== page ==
Mean Opinion Score (MOS): A Measure of Voice Quality

The MOS offers a number that relates the audio quality of a call or a codec

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In voice and video communication, quality usually dictates whether the experience is a good or bad one. Besides the qualitative description we hear, like "quite good" or "very bad," there is a numerical method of expressing voice and video quality. It is called Mean Opinion Score. MOS gives a numerical indication of the perceived quality of the media received after being transmitted and eventually compressed using codecs.

MOS is expressed in one number, from 1 to 5, 1 being the worst and 5 the best. MOS is quite subjective, as it is based on figures that result from what is perceived by people during tests. However, several software applications measure MOS on networks.

The Mean Opinion Score Values

Taken in whole numbers, the numbers are quite easy to grade.

  • 5: Perfect. Like face-to-face conversation or radio reception.
  • 4: Fair. Imperfections can be perceived, but sound still clear. This is (supposedly) the range for cell phones.
  • 3: Annoying.
  • 2: Very annoying. Nearly impossible to communicate.
  • 1: Impossible to communicate.

The values do not need to be whole numbers. Certain thresholds and limits are often expressed in decimal values from this MOS spectrum. For instance, a value of 4.0 to 4.5 is referred to as toll-quality and causes complete satisfaction. This is the normal value of PSTN and many VoIP services aim at it, often with success. Values dropping below 3.5 are termed unacceptable by many users.

How Are MOS Tests Conducted?

A group of people listen to some audio. Each one of them gives a rating from 1 to 5. The tester averages those scores, giving the Mean Opinion Score.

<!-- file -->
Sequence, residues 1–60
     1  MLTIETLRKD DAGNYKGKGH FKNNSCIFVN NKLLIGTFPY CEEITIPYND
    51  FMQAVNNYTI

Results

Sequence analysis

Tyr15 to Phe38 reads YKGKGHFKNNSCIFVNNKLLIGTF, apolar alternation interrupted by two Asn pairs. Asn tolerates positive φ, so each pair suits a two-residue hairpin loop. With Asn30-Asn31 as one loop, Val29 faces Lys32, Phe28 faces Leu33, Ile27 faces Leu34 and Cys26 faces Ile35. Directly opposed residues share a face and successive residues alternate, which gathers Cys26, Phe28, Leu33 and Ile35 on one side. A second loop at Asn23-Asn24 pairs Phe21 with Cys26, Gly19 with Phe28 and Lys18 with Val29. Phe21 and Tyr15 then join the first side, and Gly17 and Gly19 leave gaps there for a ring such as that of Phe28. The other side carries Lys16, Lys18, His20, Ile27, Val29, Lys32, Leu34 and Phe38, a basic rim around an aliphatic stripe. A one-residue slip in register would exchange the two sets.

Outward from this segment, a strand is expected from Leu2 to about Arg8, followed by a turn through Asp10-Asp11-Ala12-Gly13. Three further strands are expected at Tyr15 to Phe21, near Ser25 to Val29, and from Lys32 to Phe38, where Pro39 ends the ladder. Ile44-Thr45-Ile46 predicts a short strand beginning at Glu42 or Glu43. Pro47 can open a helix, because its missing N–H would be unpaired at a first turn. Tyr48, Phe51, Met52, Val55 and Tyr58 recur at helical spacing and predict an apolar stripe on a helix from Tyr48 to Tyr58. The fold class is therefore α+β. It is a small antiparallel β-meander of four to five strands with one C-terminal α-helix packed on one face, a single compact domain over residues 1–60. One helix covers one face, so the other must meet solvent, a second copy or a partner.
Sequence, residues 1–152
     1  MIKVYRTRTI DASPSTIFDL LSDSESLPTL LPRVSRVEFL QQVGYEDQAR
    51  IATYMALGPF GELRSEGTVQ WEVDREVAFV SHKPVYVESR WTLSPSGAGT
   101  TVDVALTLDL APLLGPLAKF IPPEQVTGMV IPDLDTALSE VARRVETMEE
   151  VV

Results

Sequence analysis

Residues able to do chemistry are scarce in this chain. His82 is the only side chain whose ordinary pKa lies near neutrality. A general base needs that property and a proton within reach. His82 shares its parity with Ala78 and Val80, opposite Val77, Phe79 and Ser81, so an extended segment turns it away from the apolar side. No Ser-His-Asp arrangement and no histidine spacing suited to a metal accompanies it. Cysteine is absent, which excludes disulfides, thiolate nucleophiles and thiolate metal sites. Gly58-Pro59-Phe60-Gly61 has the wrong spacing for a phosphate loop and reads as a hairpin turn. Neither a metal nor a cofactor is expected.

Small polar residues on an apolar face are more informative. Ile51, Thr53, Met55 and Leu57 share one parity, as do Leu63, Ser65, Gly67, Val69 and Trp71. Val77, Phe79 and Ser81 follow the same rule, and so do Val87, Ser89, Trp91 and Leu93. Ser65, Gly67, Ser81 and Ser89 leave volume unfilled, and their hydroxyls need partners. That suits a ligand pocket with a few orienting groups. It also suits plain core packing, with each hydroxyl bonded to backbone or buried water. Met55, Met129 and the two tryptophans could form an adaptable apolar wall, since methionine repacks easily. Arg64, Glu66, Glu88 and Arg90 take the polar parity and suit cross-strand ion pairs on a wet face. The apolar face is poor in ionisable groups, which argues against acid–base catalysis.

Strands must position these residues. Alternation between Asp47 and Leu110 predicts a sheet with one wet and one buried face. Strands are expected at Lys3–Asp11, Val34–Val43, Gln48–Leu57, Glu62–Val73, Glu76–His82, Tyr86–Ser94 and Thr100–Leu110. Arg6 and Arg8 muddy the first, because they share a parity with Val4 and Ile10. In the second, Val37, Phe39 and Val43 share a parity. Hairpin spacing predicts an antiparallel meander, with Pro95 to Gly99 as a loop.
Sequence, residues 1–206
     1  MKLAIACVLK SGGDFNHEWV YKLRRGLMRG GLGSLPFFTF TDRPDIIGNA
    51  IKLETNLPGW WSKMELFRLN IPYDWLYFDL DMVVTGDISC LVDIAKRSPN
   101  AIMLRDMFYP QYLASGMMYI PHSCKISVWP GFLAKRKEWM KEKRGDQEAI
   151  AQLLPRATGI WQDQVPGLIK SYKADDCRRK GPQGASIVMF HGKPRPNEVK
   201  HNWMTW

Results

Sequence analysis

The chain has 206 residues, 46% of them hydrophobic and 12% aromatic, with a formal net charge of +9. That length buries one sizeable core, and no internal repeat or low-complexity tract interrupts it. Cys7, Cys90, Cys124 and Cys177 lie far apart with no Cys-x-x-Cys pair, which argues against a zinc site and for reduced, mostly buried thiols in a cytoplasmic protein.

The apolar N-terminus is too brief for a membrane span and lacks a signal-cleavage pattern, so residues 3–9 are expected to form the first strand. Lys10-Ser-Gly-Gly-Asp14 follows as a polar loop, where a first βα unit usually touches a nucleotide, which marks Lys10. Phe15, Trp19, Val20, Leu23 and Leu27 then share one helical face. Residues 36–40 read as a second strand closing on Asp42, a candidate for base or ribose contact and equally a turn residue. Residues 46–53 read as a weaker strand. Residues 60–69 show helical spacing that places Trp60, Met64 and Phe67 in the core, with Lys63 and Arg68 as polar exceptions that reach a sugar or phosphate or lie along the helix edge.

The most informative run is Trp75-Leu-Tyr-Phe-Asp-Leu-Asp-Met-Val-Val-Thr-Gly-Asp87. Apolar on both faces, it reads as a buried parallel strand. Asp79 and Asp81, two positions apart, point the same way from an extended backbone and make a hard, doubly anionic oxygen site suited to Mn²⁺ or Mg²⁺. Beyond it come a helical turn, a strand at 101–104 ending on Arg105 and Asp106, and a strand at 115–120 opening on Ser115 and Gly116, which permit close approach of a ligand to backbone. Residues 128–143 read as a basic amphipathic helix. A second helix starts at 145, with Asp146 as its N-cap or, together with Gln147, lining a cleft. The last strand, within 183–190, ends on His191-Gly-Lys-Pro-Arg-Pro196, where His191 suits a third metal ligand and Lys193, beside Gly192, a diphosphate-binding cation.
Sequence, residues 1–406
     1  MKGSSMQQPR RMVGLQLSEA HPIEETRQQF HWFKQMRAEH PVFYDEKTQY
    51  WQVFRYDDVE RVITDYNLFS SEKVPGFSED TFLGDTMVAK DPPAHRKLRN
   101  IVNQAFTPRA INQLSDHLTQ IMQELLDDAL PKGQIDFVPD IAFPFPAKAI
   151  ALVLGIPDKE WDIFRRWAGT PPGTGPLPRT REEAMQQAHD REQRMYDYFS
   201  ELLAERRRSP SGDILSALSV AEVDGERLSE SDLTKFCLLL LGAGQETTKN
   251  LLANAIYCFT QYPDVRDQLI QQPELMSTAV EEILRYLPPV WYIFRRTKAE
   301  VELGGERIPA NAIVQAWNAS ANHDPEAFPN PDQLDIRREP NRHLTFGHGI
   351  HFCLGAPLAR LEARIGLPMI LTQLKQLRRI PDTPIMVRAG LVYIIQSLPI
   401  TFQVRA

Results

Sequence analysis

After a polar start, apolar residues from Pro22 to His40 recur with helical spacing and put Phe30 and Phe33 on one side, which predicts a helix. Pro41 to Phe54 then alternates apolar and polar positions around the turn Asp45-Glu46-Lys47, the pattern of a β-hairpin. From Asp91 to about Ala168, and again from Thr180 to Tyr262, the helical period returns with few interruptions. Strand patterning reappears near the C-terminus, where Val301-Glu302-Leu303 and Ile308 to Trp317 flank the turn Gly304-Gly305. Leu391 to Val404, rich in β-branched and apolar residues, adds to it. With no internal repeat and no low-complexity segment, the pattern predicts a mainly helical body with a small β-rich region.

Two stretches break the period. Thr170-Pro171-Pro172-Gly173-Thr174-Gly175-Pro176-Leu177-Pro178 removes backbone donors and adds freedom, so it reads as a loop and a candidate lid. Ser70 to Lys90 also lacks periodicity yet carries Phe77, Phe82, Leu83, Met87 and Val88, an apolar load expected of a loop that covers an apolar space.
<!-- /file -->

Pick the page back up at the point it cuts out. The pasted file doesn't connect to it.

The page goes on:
A handful of standard phrases cycle through the audio. They are:

  • You will have to be very quiet.
  • There was nothing to be seen.
  • They worshiped wooden idols.
  • I want a minute with the inspector.
  • Did he need any money?

Factors Affecting Mean Opinion Score

Use MOS to compare VoIP services and providers. But more importantly, they assess the work of codecs, which compress audio and video to save on bandwidth but with a certain amount of drop in quality. MOS tests assess these codecs in a certain environment.

Other factors affect the quality of audio and video transfer. These factors are not supposed to be accounted for in MOS values, so when determining the MOS for a certain codec, service or network, it is important that all the other factors are favorable to the maximum for good quality, for MOS values are assumed to be obtained under ideal conditions.

Software Automated Mean Opinion Score Tests

Because the human MOS tests are subjective, software tools now carry out automated MOS testing in a VoIP deployment. Although they lack the human touch, the good thing with these tests is that they take into account all the network dependency conditions that could influence voice quality. Some examples are AppareNet Voice, Brix VoIP Measurement Suite, NetAlly, PsyVoIP, and VQmon/EP.